In this modern day of the Digital Age, science and technology is everywhere. Craigslist has outplayed the tabloid’s Classified Ads for job searching. Online billing has substituted those galling paper bills disarranging up your coffee table. Most individuals even prefer the easiness of browsing and buying clothes online. With computers almost replacing everything, it’s no surprise that 50% of prospective car buyers said they would buy a car online if they could.
For Car Dealerships, what does this Mean?
The primary source for gathering information on vehicles have become the Internet’s digital channels. A staggering 80% of buyers report that when making decisions on buying a car, they have used the Internet. As a result, clients have a much larger extent of knowledge when entering a dealership than ever before. In the past, before making a final decision, purchasers used to visit three or four dealerships. Nowadays, only one visit is required since they have become so knowledgeable. Jeff Lupient, who serves as a Dealer Principal at Lupient Nissan in Rochester, Minnesota, got his start in the business when he was a student at Edina High School, by working at his family’s dealerships.
In light of the purchase offline phenomena or online research, car manufacturers and dealerships have a lot of changes to consider making. Dealers are no more the only information providers they once were. As for this, dealers must become ‘product geniuses’ and play a fixated role on direct product experience, price negotiation, and answer expert-level questions. Furthermore, dealers must rethink their marketing and sales strategies to best praise the newer, more self-reliant consumer. They should begin to preserve a strong presence on the Web and be able to adapt accordingly to changes and trends.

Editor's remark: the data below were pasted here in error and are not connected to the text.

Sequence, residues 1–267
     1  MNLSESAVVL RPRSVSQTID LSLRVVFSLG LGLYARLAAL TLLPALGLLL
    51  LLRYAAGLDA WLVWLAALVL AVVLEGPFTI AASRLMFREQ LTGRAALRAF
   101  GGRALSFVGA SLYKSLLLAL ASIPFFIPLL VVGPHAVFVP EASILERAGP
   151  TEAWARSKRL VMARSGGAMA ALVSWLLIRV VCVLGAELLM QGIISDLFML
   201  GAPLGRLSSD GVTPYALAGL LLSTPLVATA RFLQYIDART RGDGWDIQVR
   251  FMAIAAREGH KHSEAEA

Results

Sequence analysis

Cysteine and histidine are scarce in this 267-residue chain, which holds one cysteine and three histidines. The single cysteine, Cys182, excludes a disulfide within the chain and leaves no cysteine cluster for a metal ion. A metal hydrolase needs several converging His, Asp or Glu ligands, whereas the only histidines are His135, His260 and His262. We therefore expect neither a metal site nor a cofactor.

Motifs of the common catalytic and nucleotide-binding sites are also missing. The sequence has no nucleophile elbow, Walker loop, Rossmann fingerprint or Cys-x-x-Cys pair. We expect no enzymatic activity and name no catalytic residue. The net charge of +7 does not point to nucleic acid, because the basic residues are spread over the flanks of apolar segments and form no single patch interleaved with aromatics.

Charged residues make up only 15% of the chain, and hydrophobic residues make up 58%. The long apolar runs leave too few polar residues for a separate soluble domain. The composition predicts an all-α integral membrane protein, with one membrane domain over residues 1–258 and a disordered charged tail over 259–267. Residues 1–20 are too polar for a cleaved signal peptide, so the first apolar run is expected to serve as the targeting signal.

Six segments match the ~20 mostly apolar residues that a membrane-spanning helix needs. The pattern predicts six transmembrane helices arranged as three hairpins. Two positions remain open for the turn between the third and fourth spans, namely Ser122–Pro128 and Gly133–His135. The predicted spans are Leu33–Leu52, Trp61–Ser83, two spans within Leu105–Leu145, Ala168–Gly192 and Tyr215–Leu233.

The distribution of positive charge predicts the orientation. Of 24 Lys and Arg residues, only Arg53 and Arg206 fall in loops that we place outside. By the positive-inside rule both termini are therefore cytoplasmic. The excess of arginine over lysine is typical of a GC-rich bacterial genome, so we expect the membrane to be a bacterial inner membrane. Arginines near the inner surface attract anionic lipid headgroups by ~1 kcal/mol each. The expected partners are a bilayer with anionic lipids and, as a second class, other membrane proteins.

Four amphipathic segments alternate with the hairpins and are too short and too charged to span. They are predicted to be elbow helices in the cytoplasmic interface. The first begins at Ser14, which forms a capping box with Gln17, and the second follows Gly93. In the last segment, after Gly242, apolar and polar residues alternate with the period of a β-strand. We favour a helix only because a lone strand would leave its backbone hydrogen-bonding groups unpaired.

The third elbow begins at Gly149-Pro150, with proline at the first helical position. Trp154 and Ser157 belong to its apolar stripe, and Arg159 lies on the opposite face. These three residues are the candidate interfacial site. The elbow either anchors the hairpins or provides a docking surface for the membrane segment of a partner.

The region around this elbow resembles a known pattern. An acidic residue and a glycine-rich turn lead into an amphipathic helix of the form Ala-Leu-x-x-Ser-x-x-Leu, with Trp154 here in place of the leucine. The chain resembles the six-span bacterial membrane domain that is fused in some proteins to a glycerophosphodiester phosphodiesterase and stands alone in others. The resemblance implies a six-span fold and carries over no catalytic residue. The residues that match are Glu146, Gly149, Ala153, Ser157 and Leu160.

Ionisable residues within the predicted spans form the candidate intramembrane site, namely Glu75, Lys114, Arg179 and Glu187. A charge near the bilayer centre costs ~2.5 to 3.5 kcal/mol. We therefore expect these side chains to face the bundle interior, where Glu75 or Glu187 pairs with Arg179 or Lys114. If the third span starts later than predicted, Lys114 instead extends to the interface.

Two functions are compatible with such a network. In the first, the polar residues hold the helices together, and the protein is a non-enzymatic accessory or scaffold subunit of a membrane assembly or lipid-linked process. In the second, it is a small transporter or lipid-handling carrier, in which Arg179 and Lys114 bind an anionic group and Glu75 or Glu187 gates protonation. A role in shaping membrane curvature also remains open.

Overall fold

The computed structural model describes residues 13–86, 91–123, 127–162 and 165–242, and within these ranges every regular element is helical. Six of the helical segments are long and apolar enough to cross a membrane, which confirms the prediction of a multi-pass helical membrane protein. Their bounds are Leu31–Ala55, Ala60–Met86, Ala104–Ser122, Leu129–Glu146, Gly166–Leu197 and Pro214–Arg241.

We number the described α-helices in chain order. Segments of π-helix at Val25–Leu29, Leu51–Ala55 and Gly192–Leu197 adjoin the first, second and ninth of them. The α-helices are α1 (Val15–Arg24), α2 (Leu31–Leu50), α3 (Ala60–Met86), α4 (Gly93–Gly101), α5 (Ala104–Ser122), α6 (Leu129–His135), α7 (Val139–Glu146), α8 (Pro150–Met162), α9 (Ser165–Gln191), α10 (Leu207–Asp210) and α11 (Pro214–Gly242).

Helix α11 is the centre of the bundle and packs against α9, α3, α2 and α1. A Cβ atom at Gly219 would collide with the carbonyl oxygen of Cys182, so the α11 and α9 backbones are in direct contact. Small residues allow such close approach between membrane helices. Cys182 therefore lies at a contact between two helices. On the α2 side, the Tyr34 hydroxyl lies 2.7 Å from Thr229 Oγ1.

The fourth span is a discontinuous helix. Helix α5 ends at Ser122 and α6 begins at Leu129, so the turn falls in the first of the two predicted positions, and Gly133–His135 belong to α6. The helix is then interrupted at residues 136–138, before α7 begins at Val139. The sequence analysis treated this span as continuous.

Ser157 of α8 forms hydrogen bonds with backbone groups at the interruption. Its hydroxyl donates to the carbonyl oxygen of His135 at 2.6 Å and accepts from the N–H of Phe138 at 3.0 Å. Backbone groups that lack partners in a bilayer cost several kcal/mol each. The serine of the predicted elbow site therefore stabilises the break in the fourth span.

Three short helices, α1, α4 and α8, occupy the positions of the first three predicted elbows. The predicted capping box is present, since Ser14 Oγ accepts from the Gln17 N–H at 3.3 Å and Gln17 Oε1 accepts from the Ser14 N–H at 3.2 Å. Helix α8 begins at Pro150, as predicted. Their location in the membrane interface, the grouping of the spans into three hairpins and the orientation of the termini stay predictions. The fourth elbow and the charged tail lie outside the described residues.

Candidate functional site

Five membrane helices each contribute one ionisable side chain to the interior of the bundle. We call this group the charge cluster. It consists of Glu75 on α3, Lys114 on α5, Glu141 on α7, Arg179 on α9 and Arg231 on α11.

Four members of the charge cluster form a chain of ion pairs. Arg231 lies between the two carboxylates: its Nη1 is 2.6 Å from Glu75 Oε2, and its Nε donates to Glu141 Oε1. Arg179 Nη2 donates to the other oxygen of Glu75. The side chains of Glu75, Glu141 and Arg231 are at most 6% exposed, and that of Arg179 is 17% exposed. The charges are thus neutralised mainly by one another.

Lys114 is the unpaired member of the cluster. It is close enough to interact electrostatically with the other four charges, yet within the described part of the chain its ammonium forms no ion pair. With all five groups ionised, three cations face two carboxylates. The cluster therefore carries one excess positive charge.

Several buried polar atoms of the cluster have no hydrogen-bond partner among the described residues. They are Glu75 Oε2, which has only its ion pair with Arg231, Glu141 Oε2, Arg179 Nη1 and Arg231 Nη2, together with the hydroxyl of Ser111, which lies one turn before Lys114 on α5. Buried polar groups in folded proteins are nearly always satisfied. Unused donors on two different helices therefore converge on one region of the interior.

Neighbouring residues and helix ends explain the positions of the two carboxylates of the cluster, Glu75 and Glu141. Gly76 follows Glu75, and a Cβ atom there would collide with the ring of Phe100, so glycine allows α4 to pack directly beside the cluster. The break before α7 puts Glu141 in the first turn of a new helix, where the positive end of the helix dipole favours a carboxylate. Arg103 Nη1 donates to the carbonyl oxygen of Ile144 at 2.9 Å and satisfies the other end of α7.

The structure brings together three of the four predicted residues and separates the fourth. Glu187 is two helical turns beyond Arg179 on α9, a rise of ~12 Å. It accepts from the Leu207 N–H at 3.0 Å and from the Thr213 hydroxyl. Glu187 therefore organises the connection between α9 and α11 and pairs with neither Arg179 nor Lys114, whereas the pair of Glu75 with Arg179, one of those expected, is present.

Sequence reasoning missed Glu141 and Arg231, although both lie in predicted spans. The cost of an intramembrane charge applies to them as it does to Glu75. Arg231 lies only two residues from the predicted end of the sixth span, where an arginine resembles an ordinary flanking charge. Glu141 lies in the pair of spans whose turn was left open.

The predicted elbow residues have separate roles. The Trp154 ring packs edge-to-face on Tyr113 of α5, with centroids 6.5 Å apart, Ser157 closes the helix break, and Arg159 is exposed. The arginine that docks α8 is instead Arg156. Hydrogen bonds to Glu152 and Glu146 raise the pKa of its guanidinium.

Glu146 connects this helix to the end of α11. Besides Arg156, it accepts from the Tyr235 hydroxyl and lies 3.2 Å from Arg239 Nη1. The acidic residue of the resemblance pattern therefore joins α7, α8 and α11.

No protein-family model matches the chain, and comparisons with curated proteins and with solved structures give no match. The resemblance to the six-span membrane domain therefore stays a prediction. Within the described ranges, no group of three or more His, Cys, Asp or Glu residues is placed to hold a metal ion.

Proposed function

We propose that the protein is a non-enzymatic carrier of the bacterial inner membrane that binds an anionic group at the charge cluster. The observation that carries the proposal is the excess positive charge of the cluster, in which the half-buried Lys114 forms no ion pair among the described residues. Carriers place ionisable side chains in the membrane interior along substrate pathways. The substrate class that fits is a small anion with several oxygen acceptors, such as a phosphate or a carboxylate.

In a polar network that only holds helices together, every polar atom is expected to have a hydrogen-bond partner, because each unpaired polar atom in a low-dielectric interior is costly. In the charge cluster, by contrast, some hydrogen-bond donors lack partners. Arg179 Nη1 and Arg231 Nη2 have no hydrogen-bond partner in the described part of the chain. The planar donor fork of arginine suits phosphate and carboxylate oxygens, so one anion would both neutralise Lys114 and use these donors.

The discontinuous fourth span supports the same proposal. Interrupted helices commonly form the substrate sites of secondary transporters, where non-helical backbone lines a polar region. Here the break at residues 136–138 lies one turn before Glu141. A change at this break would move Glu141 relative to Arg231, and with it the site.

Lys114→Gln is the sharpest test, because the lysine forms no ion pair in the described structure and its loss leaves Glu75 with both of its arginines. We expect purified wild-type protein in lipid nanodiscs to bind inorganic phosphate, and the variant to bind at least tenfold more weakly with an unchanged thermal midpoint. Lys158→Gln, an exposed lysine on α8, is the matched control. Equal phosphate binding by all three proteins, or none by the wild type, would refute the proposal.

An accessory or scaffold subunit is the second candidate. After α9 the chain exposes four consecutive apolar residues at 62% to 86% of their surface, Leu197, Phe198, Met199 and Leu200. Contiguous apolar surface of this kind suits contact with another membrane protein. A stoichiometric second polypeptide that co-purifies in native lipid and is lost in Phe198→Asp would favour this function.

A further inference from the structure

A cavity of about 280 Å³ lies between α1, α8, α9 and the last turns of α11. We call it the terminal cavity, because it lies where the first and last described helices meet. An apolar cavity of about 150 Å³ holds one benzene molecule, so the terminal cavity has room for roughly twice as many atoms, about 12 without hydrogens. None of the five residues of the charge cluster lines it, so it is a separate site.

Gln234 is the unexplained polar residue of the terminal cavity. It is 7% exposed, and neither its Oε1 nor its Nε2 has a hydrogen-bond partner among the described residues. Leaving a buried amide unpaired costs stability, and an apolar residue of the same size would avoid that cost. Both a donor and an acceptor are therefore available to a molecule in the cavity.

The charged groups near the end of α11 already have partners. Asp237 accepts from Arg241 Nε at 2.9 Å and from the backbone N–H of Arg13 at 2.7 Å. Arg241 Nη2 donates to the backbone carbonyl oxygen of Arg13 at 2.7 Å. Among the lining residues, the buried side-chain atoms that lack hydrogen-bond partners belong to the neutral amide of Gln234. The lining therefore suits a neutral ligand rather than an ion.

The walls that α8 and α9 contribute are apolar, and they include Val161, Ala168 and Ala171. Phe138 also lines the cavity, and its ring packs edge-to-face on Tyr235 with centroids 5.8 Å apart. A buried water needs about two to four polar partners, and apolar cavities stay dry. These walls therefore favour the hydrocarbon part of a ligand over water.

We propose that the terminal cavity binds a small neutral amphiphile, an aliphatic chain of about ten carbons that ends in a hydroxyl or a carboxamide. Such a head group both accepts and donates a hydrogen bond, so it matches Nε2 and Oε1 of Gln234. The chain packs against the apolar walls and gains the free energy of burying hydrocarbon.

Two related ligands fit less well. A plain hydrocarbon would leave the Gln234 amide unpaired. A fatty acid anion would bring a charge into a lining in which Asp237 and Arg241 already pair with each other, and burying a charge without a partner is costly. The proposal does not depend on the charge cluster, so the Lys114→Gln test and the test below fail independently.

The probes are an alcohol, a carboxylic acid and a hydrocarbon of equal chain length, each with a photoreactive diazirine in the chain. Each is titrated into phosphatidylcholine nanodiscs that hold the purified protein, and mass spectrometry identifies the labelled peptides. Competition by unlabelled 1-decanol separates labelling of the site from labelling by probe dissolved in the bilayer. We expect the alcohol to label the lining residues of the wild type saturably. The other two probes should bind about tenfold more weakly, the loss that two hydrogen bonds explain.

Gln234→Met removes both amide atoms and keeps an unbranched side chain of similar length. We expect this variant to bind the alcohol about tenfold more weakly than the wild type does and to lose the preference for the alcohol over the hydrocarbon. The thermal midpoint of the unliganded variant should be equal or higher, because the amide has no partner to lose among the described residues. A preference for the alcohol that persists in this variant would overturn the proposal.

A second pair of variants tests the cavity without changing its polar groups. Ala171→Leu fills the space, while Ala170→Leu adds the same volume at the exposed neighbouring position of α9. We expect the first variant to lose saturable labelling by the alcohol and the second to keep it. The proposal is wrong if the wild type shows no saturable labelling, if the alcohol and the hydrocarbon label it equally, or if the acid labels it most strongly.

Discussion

The status of the dealership is everything, and this can most correctly be evaluated through social media. 62% of customers are less likely to buy a car if the dealership has received antagonistic reviews from former buyers. Remarkably, 60% also have more optimistic feelings for dealerships that reply succinctly and promptly to negative posts.
One motivating new twist to the old car dealership people are familiarized with is the introduction of experience and flagship stores. In these stores, customers are able to estimate potential payments, make inventory selections and apply for financing online. Test drive simulators and animated car presentations will pressure dealers to reconsider the need for large showrooms. Community involvement is a top priority for Jeff Lupient and he supports many local organizations and charities.
The growth of the digital dealership will not totally replace the ones of the past. Web chats and mobile apps will allow dealers to still remain present in the decision process. The dealer will still gain from the increased commitment with the customers, and can apply coupons and other agreements to keep them coming back for following purchases. Digital or not, car dealerships must produce a distinctive brand experience while concurrently making the online to offline experience as smooth as possible.